A Brief History of NYSHC
By Mary Ann Grammer Byers, N.Y.S.H.C. Historian
The organization was founded by a small group of dedicated horse people in Kingston, New York on April 30, 1966. Forty three horse clubs were represented and twelve thousand horse people. John Baruc facilitated incorporation as the Empire State Horsemen’s Association in 1968. Our name was changed to the New York State Horse Council in 1976 to better align itself under the umbrella of the American Horse Council in Washington, D.C. It was one of the first councils of its kind and started the ball rolling for horse activities across the country.
Joseph Vanorio was the first president. During his tenure, he led the way in educating state legislators about the need for laboratory equipment at Cornell University’s Veterinary College. The council was instrumental in gaining $2.5 million for Cornell. Mr. Vanorio later joined the Advisory Council Board of the Veterinary School at Cornell. In his early years Mr. Vanorio acted as a double for such movie stars as Tom Mix and Gary Cooper. He taught more than 10,000 equestrians, including 22 national champions while gaining tremendous respect in the industry as a show judge. At one time he was the only American Horse Show Association judge to be licensed in twenty-two divisions. The American Horse Show Association awarded him the lifetime honor of President Emeritus. Our Scholarship Program is named after Mr. Vanorio.
In September 1968 we sponsored with the cooperation of the New York State Department of Environmental Conservation (D.E.C) a fall pleasure ride on Columbus Day weekend at the Madison County Fairground in Brookfield New York. The purpose of the trail ride was to acquaint horsemen with trail facilities provided by the D.E.C in the state and to encourage good horsemanship on the trail. The ride also provided a means to bring together horsemen representing all segments of the horse world. Not only veteran trail riders but people from hunt clubs, horse shows, sheriff’s posses and boarding stables took part in the ride. Under the guidance of the late Joseph Vanorio and Robert Nichols, D.V.M. it was the first large scale project of the council. The ride continues today.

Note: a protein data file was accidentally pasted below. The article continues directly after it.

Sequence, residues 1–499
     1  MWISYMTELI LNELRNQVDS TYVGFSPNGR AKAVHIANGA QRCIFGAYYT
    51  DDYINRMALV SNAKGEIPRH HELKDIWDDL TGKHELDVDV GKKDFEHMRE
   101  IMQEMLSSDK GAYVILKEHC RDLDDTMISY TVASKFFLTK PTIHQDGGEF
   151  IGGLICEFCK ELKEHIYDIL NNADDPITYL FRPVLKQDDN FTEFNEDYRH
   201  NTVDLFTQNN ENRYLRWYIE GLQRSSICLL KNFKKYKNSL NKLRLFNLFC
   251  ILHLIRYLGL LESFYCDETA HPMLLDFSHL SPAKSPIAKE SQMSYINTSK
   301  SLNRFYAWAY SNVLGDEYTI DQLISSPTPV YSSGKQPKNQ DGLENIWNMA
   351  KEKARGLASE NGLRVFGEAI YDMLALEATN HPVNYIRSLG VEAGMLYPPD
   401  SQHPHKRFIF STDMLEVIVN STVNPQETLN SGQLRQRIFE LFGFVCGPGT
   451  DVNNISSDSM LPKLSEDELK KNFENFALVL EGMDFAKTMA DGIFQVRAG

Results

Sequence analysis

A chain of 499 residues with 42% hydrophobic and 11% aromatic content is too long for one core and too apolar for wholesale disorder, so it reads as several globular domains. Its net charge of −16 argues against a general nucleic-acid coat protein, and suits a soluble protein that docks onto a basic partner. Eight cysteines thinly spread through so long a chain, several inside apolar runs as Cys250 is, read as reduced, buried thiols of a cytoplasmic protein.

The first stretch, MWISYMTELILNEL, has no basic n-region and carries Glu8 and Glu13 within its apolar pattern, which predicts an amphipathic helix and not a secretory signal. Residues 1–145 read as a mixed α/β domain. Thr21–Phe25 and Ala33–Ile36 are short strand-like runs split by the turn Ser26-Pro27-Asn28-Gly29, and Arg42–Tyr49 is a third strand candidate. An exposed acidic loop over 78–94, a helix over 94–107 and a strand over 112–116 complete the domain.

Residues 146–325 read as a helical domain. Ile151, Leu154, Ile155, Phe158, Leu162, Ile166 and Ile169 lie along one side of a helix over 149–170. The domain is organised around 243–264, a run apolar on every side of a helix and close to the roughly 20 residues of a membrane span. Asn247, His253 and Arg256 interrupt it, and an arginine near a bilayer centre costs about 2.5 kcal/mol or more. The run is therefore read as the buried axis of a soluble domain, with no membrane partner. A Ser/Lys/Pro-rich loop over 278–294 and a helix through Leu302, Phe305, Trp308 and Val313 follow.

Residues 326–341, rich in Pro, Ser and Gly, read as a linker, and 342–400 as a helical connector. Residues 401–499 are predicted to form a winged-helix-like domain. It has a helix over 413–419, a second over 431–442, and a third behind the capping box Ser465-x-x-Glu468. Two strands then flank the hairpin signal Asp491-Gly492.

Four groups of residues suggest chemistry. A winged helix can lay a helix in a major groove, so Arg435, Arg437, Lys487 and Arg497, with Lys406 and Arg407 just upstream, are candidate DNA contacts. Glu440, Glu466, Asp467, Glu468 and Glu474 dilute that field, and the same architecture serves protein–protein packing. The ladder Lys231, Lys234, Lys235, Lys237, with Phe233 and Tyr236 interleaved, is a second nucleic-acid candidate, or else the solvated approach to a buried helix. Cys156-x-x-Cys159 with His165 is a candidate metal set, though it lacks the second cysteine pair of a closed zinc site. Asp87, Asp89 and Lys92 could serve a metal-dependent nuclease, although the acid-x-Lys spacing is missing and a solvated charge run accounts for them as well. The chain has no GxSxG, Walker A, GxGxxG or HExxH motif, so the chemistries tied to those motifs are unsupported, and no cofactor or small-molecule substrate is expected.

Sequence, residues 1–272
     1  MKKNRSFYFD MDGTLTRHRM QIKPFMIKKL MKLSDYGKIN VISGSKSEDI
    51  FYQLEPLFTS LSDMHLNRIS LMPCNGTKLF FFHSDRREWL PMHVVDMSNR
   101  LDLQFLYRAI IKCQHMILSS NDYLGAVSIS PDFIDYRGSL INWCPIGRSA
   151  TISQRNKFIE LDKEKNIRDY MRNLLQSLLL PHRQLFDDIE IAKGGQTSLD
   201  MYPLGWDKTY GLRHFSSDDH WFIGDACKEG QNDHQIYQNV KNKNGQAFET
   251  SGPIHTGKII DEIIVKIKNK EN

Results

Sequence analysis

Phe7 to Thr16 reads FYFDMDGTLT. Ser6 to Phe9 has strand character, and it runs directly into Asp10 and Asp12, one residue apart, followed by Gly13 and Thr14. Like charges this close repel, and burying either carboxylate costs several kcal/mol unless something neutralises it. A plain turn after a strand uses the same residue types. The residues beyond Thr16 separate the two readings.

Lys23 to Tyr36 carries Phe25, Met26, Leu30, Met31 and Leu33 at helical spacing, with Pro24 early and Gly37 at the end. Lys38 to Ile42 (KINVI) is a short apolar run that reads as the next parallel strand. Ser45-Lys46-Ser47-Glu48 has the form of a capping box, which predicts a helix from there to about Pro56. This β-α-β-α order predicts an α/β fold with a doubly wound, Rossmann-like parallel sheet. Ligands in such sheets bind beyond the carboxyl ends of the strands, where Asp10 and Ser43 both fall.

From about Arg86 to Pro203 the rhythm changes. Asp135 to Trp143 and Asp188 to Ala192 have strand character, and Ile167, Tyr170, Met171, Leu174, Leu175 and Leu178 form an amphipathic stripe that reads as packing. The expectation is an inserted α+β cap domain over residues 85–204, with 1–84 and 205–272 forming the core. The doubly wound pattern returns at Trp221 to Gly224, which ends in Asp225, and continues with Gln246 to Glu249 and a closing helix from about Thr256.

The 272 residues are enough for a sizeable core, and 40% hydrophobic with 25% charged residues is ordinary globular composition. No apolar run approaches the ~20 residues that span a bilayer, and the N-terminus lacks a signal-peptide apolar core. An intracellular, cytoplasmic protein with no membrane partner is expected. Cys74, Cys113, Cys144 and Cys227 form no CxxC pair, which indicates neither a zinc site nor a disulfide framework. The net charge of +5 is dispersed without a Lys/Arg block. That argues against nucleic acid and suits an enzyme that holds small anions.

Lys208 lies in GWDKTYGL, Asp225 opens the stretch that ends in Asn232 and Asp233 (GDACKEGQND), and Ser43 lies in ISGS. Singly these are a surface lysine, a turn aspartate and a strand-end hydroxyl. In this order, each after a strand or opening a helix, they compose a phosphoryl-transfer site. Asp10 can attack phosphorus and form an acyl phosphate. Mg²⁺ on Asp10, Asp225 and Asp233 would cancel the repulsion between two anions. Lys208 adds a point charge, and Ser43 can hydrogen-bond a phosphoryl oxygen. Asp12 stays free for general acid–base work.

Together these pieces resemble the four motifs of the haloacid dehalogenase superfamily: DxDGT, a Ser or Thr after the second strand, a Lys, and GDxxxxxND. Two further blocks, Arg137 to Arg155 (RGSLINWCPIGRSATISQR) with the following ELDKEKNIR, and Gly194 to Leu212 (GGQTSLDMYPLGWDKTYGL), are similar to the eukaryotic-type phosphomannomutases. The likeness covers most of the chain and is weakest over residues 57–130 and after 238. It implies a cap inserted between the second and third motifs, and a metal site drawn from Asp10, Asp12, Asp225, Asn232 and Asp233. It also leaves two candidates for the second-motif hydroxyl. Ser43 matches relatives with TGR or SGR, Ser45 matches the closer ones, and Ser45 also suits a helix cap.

On June 21, 1970 we sponsored the Trail of two Cities Ride from the Bronx to the Capital steps of Albany. The purpose was to recognize the HORSE as an important part of New York State and show the need for trails. Horses actually rode up the steps of the capital building. Riders joined the ride along the way and it took four days. It made a lasting impression on Albany like no other event ever did. It is still talked about today.
About Mary Ann Grammer Byers, N.Y.S.H.C. Historian:
Mary Ann started riding at age eight at the Saddle and Bridle Club in Buffalo. She went on to breed and show American Saddle Bred horses. She was an active 4-H leader in Copake Falls, New York for twenty-five years and owned and raced horses at Fort Erie, Ontario, Canada. Mary Ann trained her horses to drive and showed in carriage driving shows. She has been a Premier Director of the NYSHC Board of Directors for decades in the Western Region and serves as the Secretary of the East Aurora Driving Society Horseshow.
A Legacy of Accomplishment
Since 1966, the NYSHC has been a tireless advocate for horses and horse people in New York State. Here are a few of the accomplishments we've acheived on your behalf ... we hope you'll join us as we continue to collective advocate in one, unified voice for the horse industry!
● Horse boarding declared an agricultural pursuit which facilitates tax advantages.
● Indoor arenas recognized as farm buildings for the application of the ten year farm building tax exemption rule.
● Waiver of income and number of horses for startup boarding farms to qualify for agricultural tax exemption.
● Inclusion of boarding income in federal gross farm income for farmer’s school tax rebate.
● Reutilization of race horses commission.
● Authorization of towns and municipalities to develop farmland protection plans
● Seven acres for agriculture assessment which reduced the size of parcels for land use in agriculture from ten acres.
● Elimination of county legislative body approval for designation of certain horse boarding operations as land used for agriculture production.
● First state to have a helmet law requiring children and beginning riders to wear helmets.
● Law limiting landowner liability for equestrian usage.
● Horse recognized as an agricultural animal versus a companion animal.
● Law mandating humane transport of horses to one tier trailers and increased the fine level on in-humane equine transportation in 2001. Defeated a transport to slaughter bill in 2000 which was not considered by the industry as being beneficial.
● Expansion of NY Trail System.
● Support of Cornell's Diagnostic Lab and Equine Facility.
● Standardized Road Signs.
● Requirement for Equine Rabies Vaccination for State Fairground Events.